By Dianne Feinstein

Originally published in the Wall Street Journal

The goal of the recent attacks directed or inspired by Islamic State on civilians in the U.S. and Europe is to create an atmosphere of fear and to intensify political tensions across the world. As the terrorist organization continues to lose ground in Iraq and Syria, it is focusing more on spreading terror abroad. Central Intelligence Agency Director John Brennan has repeatedly warned that Western countries should expect more attacks.

As Islamic State shifts its strategy, the U.S. and its allies should as well. The time has come for the North Atlantic Treaty Organization to invoke its self-defense clause so the full weight of the alliance is brought to bear against Islamic State, also known as ISIS.

Although ISIS has carried out attacks throughout the West, only seven of America’s 27 NATO allies—Belgium, Canada, Denmark, France, the Netherlands, Turkey and the U.K.—have joined the U.S. in directly attacking the group. Many other NATO countries could contribute special-operations forces, attack aircraft and surveillance assets to ongoing operations, thereby multiplying the effect.

Coalition forces—including Iraqi Security Forces and Syrian resistance groups backed by airpower and special-operations forces from the U.S. and other nations—have already had some success in fighting the Islamic State “caliphate” in Iraq and Syria. This coalition has retaken about a third of the territory controlled by Islamic State and liberated a dozen significant cities this year. ISIS has between 18,000 and 22,000 fighters today, down from a peak of 33,000 in 2015, according to the Obama administration.

Despite these gains, ISIS remains a significant threat to the West. At least 5,000 individuals have traveled from Europe to fight in Iraq and Syria, according to a 2015 report from the Soufan Group. Media reports suggest that as many as 10% of them have returned home. Meantime, ISIS affiliates are appearing around the world in countries as far away as the Philippines and Bangladesh. Many more are inspired by the group’s message, often propagated through encrypted online chats, to carry out “lone wolf” attacks in the West.

Over the past two years, the Justice Department has brought charges against 100 individuals in the U.S. in connection with Islamic State and has obtained 46 convictions. The Federal Bureau of Investigation has active investigations in all 50 states, and FBI Director James Comey said last year that law-enforcement agencies have more than 900 active investigations against individuals suspected of supporting the group.

Yet the effort to maintain this momentum in the fight against Islamic State suffers from an inherent conflict. Americans don’t want another prolonged war with thousands of service members deployed in combat operations, but the U.S.’s current strategy of airstrikes and limited assistance to on-the-ground partners isn’t enough to defeat the terrorists. It is now time to recognize that an increased U.S. presence, acting with NATO countries and other partners, could enhance the effort to eliminate Islamic State.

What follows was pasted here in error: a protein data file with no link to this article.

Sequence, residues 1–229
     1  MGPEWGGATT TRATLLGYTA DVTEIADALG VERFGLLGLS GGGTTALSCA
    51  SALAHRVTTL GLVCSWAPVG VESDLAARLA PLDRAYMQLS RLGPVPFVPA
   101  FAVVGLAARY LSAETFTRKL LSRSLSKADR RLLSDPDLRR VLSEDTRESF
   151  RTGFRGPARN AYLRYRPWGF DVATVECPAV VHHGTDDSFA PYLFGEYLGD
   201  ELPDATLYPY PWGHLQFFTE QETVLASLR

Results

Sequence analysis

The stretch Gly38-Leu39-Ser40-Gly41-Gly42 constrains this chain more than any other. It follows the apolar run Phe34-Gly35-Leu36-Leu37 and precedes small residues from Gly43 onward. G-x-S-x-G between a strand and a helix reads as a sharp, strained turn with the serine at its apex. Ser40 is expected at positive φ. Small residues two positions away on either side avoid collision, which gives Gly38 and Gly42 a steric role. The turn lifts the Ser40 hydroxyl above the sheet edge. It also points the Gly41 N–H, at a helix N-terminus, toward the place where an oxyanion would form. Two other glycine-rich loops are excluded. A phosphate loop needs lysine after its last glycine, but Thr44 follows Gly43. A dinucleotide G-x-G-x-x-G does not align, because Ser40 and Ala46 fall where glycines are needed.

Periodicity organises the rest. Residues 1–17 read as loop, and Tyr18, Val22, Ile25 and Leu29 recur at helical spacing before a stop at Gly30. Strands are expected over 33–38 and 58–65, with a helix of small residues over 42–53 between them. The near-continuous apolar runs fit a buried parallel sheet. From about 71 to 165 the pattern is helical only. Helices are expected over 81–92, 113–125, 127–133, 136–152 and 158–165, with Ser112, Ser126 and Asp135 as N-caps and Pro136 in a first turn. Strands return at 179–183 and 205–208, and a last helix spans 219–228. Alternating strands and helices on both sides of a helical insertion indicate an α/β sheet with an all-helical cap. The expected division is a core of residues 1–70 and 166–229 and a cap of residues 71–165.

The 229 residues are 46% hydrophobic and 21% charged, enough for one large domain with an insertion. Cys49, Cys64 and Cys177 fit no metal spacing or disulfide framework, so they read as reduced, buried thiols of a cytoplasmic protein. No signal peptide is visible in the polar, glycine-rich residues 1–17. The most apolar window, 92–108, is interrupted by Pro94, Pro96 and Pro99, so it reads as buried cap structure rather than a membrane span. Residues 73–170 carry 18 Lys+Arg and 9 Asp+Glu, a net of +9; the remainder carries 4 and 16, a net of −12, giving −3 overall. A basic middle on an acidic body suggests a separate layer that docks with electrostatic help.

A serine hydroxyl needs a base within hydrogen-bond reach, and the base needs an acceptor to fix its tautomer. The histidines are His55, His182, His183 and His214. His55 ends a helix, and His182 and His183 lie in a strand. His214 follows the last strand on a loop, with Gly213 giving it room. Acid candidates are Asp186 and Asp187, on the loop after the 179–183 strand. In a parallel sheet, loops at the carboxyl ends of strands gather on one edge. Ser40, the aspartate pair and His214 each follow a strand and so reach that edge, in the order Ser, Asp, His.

Creating a NATO rapid-reaction force to serve as an attack force against Islamic State would make a major impact. NATO countries have advanced capabilities in intelligence, airpower, special operations and other areas that are required to combat terrorists. Bringing the many resources of NATO nations to bear in the fight against Islamic State—and taking the fight to Iraq and Syria—would help to eliminate ISIS safe havens and to stanch the flow of refugees into Turkey and Europe.

Eliminating Islamic State’s hold on Raqqa and Mosul is essential. If successful, this would reduce the organization’s ability to raise funds, plan terror operations abroad and attract individuals from all over the globe.

Once the strongholds have fallen, the U.S. and other members of the anti-Islamic State coalition must continue to pool resources to support local forces in their efforts to hold those areas. Otherwise, the cities could easily fall again.

The U.S. must also be a leader in removing the online propaganda that motivates attackers to strap bombs to their chests and spray crowds of innocent civilians with gunfire. Some social-media companies are already acting on their own to take down propaganda when they see it, but more must be done. I proposed legislation in December 2015 that would require internet companies to report terrorist activity they encounter online to law enforcement agencies, so that the authorities can quickly act on such leads.

Terrorism was around before al Qaeda and Islamic State and it will be around long after both groups have been defeated. But by doubling down in the fight against these terrorist groups now, the U.S., our NATO partners, and other allies will help stabilize the Middle East while making Americans and the rest of the world safer at home.

Ms. Feinstein, a Democrat from California, is vice chairman of the Senate Intelligence Committee.